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16 June 2022

Late Bloomer

“So there I was, locked down and unable to work. What to do with one’s time? There’s only so much walking you can do,” says Karin Montgomery.


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Walking, however, was the solitary ‘freedom’ we were all given during lockdown. It was something to look forward to, no matter how routine it became.

It was on these ritual walks around her Freemans Bay neighbourhood that Karin began to take note of all the plants and flowers that she would have usually passed by without so much as a glance. She started to pick samples, bring them home, and study them, rekindling a passion she had always had for early botanical drawings – particularly those of one of her heroines, Mary Delaney (see sidebar), who made intricate paper collages of flowers and plants.

“I had been thinking about plants for some time but hadn’t formulated exactly what I wanted to do [with them]. I had craft supplies in my cupboards for the grandchildren, some crepe paper, wire, glue and coloured chalk – just ordinary things. I thought, well, I can do something [with these]. I’m a woman of my time. I can sew and make things,” she smiles.

During the first lockdown, whilst many of us were grappling with the then-novel concept of working from home, interior designer Karin Montgomery was uncovering a latent talent for making incredibly detailed plants and flowers from crepe paper, twisted wire and chalk. And, what started as curiosity, has burgeoned into three sell-out exhibitions of her work.

Karin quickly realised that she needed better quality raw materials – and more of them. She headed down a rabbit hole, researching products and suppliers, who, she discovered, were mainly in Germany and Italy. At that time, New Zealand was still getting deliveries relatively quickly. So she bulked up on specialist products, glues, powder paints, and coloured crepe paper.

“I also looked on YouTube: how to make flowers out of crepe paper. But they were all a bit naff – left me cold. Also, I’m not very good at following instructions. I get confused. I’m more of a hands-on, figure-it-out-for-myself sort of person. So I learned by making errors. I am a very determined person.

Karin experimented by soaking papers in water and dying them, then dying them again with a different coloured dye, to get the exact shades she needed. She also manipulated the paper to be thicker, thinner and finer – and stretched it and added a film to give her leaves and petals a shine.

Who’d have thought, good old crepe paper – the stuff we all used to make our Christmas decorations back in the 70’s, could be used to produce such fine and beautiful objects.

“I very quickly became very engrossed. I was absolutely in awe, and I still am of the plants,” says Karin, reaching out to a glass vase of red nerines and magnolia leaves sitting on her dining table. “I’m doing these right now. I need a few because I pull them apart to see how they’re formed. With Nerines, the flower comes out of this onion-skin, then you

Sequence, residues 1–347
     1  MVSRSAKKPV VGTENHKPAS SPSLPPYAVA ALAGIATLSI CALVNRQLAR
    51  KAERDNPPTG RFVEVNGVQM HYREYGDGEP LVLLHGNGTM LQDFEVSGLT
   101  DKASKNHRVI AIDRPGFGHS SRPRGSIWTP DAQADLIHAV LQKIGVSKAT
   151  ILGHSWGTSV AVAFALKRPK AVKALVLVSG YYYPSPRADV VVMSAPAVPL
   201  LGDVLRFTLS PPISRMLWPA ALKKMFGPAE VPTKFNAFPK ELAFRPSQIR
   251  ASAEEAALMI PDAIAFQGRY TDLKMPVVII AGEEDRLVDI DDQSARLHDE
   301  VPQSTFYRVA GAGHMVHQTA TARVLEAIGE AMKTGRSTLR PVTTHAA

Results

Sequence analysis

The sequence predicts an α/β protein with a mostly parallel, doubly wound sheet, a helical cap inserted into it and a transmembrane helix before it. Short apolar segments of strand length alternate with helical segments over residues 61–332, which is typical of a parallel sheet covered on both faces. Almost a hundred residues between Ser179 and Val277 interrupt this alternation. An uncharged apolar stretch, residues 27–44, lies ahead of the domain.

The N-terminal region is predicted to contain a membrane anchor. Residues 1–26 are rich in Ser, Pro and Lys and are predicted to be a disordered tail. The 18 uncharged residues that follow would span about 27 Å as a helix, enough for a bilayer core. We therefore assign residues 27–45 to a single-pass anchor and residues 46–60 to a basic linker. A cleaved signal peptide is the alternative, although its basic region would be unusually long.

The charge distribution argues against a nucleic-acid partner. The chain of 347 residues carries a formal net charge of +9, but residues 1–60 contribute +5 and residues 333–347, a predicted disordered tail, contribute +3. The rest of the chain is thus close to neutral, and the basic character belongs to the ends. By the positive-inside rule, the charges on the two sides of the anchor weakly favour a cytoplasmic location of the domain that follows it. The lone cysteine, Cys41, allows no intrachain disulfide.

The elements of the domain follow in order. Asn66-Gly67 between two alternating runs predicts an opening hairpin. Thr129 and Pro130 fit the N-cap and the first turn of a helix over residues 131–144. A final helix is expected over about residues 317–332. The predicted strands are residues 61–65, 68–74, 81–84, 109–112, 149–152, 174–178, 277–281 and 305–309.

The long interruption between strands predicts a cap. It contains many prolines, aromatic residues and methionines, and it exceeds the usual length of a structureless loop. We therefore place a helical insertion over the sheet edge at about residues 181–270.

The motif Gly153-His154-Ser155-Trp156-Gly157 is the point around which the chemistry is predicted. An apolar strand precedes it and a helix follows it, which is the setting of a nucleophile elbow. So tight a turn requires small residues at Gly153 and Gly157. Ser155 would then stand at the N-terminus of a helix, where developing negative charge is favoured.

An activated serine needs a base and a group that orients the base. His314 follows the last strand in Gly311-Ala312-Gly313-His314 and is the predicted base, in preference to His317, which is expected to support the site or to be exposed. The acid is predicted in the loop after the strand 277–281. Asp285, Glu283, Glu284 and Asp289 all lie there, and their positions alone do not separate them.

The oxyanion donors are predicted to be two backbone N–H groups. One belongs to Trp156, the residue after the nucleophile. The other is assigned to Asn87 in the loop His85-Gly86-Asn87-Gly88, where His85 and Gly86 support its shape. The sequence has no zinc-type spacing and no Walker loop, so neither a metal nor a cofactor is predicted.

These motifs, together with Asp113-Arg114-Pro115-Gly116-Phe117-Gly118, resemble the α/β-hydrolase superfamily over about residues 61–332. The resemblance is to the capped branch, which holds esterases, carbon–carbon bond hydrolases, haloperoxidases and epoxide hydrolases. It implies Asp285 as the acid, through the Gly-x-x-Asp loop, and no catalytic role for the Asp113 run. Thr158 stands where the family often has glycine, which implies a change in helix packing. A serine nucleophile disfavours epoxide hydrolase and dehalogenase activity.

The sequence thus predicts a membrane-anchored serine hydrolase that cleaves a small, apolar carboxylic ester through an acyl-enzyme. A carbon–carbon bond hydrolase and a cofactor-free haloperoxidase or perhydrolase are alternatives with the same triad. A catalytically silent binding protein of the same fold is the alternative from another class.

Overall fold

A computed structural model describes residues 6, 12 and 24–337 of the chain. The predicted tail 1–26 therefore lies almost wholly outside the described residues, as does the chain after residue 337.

get these buds, and out of them, you get all these flowers. It intrigues me incredibly. Nature really is absolutely incredible. It’s a cliché, I know, but nature is amazing.”

Once started, Karin moved ahead reasonably quickly. “My first efforts were pretty shameful and poor when I look back now. I used to go out into my garden and hold them up to my neighbours, and take pictures of them and send them to my two sons,” she laughs.

When the country re-opened six weeks later, Karin found she had amassed quitea collection.

Soon after the lockdown lifted, she and a friend visited Anna Miles’ gallery, just off K-Rd. In passing, Anna asked them what they’d been up to during lockdown, and Karin duly showed the images of her flowers. And that was that.

“Anyway, later that day, I got a call from Anna, asking if she could come and have a look [at the flowers], so that’s how it started. It was Anna, not me, who saw a little something there.”

Anna asked Karin whether she would like to put her flowers into a group show at her gallery. She agreed, and it sold out. There was then another group exhibition last December, which also sold out. And she has just wrapped up her first solo exhibition, showing 25 new creations – most of which had sold at the time of writing.

What's next

“More flowers, I have to say. I’m passionate about them. I absolutely adore making them, so it’s back down the rabbit hole. I love, as we called the last show, the minores – the unacknowledged. We don’t really acknowledge the magnificence of the plants and flowers around us. We might pick up the odd bunch from the dairy from time to time, but no one really looks at them – really looks at them.”

Does she feel she is documenting the plants – a latter-day Mary Delaney, if you like?

“Yes, I do consider them [to be] specimens. They are botanically correct. And because I’ve done them in paper, people look at them closely, as they should the real thing, but they don’t.”

Karin says that it’s also about capturing a moment – not necessarily when a plant is at its pristine best, in full bloom, but also in Autumn. “There’s beauty in the other end [of the lifecycle], not the new Spring growth, which is very lovely, but the part where everything’s getting a bit crinkly and falling apart – a bit like all of us. And that’s quite wonderful, too.” she laughs.

And, unlike freshly picked flowers, which are so ephemeral – they’re cut, they die, and then they’re gone – Karin’s flowers will keep their fresh looks – and their detail – for many years to come.

 

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